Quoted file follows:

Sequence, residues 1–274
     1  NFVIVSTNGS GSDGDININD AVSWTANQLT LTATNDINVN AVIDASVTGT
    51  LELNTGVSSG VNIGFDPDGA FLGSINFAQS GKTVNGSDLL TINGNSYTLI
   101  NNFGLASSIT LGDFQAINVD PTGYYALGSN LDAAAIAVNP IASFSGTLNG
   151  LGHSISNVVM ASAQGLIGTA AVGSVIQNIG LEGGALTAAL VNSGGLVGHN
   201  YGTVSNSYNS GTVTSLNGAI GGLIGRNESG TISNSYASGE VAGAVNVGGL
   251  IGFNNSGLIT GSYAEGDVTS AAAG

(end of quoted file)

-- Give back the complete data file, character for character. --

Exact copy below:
Sequence, residues 1–274
     1  NFVIVSTNGS GSDGDININD AVSWTANQLT LTATNDINVN AVIDASVTGT
    51  LELNTGVSSG VNIGFDPDGA FLGSINFAQS GKTVNGSDLL TINGNSYTLI
   101  NNFGLASSIT LGDFQAINVD PTGYYALGSN LDAAAIAVNP IASFSGTLNG
   151  LGHSISNVVM ASAQGLIGTA AVGSVIQNIG LEGGALTAAL VNSGGLVGHN
   201  YGTVSNSYNS GTVTSLNGAI GGLIGRNESG TISNSYASGE VAGAVNVGGL
   251  IGFNNSGLIT GSYAEGDVTS AAAG